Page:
Of course, when in doubt, consult a trademark lawyer to discuss your thoughts about your business or product name and website domains. If you’re interested in discussing your trademark needs, you can contact me directly or an intellectual property lawyer in your community. I regularly post about legal issues impacting entrepreneurs on TwitterFacebookYouTube, and LinkedIn. You can also get access to more exclusive content that is available only to people on my mailing list, by subscribing here.

More Information about Trademarks:

Photo credit: Airsoft Pal

No Protection for Short Phrase T-Shirts

FUNNY ASS SHIRT by Douglas Muth from Flickr (Creative Commons License)

I regularly get questions from people who sell shirts on Etsy, Café Press, or a similar website and they claim that another user is stealing their design. When I look more closely at the situation, I see all the person is selling is shirts with a short phrase, in a common font, and no other artwork or design elements. Many times, I have the unfortunate responsibility of telling them that there’s no intellectual property in their design, so there’s no infringement (that’s legalese for “stealing”).

No Copyright in Short Phrases
Copyright applies to original works of authorships when they are fixed in a tangible medium. A t-shirt is a tangible medium, and it’s possible to have an original work on a garment. However, short phrases aren’t original works, so the act of merely printing one on a shirt does not create a copyright-protected article.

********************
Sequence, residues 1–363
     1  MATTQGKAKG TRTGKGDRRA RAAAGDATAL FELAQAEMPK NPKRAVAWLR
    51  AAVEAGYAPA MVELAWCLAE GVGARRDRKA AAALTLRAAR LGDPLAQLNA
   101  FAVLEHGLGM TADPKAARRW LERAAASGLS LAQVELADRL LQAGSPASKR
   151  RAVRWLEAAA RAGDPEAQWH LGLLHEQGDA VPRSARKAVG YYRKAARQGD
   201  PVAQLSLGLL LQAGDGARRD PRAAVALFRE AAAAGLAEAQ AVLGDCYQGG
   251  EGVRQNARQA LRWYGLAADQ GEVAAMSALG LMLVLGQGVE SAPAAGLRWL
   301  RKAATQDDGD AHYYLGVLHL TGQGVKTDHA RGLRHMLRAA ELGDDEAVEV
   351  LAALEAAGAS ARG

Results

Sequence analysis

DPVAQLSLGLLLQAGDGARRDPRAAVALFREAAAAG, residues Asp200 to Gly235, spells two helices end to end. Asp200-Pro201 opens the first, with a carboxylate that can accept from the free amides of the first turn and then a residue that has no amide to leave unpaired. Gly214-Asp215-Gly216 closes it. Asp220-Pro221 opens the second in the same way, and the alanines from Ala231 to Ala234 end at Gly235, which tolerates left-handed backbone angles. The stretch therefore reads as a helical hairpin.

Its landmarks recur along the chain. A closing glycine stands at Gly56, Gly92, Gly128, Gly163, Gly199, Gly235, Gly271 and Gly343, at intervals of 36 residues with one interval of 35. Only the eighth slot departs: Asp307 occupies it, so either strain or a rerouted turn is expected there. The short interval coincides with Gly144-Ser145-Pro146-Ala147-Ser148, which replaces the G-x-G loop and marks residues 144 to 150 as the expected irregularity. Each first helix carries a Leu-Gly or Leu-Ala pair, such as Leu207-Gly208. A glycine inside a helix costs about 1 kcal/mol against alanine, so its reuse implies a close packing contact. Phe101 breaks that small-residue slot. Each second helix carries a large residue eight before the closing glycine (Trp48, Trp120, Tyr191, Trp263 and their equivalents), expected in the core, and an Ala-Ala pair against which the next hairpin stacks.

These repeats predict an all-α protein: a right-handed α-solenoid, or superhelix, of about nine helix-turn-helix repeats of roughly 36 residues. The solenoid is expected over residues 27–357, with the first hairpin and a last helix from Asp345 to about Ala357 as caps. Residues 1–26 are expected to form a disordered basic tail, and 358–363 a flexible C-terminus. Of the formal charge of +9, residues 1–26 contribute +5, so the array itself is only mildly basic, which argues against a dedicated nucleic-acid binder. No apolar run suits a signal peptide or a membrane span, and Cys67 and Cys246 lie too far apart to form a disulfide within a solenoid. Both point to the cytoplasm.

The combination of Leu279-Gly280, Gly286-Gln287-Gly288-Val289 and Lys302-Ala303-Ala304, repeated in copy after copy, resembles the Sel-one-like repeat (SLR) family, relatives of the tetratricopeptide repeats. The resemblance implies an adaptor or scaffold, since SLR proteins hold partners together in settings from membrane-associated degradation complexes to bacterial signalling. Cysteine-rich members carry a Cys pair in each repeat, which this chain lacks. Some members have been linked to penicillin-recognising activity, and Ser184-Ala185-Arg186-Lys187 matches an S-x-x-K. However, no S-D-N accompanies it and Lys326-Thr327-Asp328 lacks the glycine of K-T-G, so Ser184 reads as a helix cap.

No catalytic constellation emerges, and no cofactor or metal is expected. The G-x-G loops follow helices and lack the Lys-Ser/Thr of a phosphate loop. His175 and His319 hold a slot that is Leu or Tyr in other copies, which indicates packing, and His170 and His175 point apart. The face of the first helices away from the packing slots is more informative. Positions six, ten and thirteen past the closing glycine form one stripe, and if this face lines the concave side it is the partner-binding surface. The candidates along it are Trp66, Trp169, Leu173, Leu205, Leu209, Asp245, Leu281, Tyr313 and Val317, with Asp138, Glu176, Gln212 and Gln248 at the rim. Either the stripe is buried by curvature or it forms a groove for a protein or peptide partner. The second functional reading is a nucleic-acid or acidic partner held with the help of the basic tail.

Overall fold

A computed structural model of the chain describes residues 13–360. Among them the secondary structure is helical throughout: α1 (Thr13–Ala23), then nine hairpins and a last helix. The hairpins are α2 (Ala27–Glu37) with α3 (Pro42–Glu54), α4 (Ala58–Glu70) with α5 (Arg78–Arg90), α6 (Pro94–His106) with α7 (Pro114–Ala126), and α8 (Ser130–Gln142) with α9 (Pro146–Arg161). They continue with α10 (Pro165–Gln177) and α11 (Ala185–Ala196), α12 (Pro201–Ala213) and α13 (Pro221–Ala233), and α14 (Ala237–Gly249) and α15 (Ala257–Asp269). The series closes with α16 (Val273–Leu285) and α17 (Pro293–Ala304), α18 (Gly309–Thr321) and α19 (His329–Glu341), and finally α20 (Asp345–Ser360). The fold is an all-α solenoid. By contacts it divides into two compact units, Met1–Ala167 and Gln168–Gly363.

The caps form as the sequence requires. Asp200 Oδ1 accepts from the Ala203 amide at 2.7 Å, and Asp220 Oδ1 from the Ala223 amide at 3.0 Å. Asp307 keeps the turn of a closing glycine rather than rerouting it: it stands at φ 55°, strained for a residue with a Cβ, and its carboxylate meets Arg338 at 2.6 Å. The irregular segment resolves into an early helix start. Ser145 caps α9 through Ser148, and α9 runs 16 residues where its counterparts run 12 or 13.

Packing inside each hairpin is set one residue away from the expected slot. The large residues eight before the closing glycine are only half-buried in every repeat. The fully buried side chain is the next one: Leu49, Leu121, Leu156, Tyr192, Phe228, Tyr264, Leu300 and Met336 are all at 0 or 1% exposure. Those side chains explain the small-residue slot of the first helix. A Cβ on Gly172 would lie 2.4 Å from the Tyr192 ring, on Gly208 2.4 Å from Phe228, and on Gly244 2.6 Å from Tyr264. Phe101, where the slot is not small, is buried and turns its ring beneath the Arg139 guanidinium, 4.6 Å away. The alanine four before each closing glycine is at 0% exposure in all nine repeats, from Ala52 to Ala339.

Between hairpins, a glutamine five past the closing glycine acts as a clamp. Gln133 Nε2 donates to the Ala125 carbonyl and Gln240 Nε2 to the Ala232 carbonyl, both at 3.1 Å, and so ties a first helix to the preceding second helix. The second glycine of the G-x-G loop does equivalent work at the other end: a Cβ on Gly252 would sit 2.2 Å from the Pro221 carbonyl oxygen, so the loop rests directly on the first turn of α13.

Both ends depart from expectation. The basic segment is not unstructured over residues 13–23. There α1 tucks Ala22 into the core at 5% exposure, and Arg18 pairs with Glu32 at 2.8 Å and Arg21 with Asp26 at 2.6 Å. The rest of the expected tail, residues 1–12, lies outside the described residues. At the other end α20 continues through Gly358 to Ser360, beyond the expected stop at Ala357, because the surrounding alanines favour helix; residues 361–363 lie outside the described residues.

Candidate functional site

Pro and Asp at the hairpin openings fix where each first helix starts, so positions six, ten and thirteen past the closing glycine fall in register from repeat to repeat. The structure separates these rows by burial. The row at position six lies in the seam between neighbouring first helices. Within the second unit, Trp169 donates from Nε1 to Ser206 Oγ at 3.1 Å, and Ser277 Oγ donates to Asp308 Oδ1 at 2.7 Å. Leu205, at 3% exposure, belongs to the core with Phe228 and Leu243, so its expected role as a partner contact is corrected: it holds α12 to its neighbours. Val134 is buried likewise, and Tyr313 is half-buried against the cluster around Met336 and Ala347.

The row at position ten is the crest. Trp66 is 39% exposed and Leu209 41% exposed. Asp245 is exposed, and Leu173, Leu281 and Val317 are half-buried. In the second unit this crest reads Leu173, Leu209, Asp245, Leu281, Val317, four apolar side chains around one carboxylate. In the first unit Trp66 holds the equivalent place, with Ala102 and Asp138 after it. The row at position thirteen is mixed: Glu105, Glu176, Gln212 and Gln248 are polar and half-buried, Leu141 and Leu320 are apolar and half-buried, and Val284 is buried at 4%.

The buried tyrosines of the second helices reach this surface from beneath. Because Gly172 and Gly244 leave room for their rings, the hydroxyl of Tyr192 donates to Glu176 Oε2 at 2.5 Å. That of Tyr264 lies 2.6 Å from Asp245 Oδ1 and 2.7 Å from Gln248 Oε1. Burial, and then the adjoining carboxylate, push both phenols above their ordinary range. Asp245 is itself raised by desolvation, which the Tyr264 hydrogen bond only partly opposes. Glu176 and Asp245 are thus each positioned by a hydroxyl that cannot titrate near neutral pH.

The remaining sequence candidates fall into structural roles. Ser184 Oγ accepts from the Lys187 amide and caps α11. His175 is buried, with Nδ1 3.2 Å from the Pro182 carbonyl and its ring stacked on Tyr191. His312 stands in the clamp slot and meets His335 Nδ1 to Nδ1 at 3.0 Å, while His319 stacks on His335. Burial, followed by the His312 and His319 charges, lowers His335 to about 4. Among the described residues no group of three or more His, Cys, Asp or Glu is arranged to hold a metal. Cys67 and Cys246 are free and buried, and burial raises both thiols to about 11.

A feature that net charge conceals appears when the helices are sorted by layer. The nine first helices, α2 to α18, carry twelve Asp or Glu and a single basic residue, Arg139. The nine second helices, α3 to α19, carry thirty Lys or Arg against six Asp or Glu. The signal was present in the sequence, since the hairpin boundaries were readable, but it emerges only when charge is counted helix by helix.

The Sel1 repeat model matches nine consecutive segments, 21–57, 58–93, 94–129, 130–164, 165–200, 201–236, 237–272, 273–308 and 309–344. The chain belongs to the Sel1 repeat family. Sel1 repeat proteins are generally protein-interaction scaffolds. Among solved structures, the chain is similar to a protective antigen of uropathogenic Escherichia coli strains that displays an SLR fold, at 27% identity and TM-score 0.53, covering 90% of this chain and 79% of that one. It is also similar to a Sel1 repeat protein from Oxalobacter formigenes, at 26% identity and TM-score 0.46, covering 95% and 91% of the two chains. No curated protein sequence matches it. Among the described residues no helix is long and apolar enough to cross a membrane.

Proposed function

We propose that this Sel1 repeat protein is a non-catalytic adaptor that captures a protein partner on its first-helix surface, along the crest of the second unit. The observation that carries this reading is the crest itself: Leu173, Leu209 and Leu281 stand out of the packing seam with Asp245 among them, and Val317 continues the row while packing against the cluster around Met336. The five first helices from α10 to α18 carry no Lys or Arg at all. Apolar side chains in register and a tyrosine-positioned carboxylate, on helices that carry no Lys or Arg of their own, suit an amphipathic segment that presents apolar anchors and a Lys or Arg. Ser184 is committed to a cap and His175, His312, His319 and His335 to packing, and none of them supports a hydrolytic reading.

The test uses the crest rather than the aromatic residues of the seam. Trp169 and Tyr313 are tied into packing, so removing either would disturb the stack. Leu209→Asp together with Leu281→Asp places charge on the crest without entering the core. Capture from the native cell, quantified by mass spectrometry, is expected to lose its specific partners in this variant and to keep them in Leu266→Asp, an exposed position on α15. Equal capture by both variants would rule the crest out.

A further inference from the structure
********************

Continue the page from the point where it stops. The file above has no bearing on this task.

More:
If that’s all you’re selling – word or a phrase on a shirt – there’s likely nothing you can do (from a copyright perspective) to stop your competition from selling a shirt with the same phrase on it. If you look on any of these DIY shirt and craft sites, you’ll see the same phrases on shirts from different sellers. There’s no copyright protection for words, images, or phrases like “geek,” “reasonable person,” “Introverts Unite! Separately in your own homes,” and even more creative phrases like “terminally soulless douche canoe.”

The Anti-Titanic Shirt

This used to be less of a problem before we had Teespring, Zazzle, and sites that make it easy to create and sell shirts and whatnot. In the past, if you wanted to sell a shirt, you had design it, have it printed, and then sell them in shop or on the street, or if you had html skills, you could create a website and people could mail you a check for a shirt. That’s what my friend, Peter Shankman, did when he sold anti-Titanic shirts in 1998. He started selling them in Times Square and then sold them online. He was a success, in part, because he had no competition.

What Could be Infringement
Every t-shirt design on Etsy is not up for grabs. Copyright does not protect short phrases, but it does protect designs with original artwork on them. Additionally, copyright protects the images you post of your shirts on your site. If you see another seller using your photos, that would likely be infringement (assuming it’s your photo). Sending a DMCA takedown may be sufficient to get them removed from their online store.